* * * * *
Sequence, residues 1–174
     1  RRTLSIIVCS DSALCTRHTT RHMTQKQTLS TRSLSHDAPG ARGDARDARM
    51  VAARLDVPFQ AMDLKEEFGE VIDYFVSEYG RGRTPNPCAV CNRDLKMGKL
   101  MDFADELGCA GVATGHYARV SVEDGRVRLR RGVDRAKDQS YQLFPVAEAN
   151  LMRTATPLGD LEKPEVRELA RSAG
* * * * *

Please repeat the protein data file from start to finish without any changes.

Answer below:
Sequence, residues 1–174
     1  RRTLSIIVCS DSALCTRHTT RHMTQKQTLS TRSLSHDAPG ARGDARDARM
    51  VAARLDVPFQ AMDLKEEFGE VIDYFVSEYG RGRTPNPCAV CNRDLKMGKL
   101  MDFADELGCA GVATGHYARV SVEDGRVRLR RGVDRAKDQS YQLFPVAEAN
   151  LMRTATPLGD LEKPEVRELA RSAG